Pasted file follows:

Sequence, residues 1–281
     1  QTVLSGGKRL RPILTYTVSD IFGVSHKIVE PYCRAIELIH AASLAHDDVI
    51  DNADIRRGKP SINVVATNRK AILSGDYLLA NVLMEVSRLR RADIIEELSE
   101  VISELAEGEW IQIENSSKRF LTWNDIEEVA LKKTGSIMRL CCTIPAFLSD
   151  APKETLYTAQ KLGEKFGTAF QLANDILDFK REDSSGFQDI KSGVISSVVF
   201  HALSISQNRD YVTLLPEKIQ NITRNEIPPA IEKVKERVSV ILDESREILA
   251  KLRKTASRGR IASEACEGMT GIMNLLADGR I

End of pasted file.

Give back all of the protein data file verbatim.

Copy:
Sequence, residues 1–281
     1  QTVLSGGKRL RPILTYTVSD IFGVSHKIVE PYCRAIELIH AASLAHDDVI
    51  DNADIRRGKP SINVVATNRK AILSGDYLLA NVLMEVSRLR RADIIEELSE
   101  VISELAEGEW IQIENSSKRF LTWNDIEEVA LKKTGSIMRL CCTIPAFLSD
   151  APKETLYTAQ KLGEKFGTAF QLANDILDFK REDSSGFQDI KSGVISSVVF
   201  HALSISQNRD YVTLLPEKIQ NITRNEIPPA IEKVKERVSV ILDESREILA
   251  KLRKTASRGR IASEACEGMT GIMNLLADGR I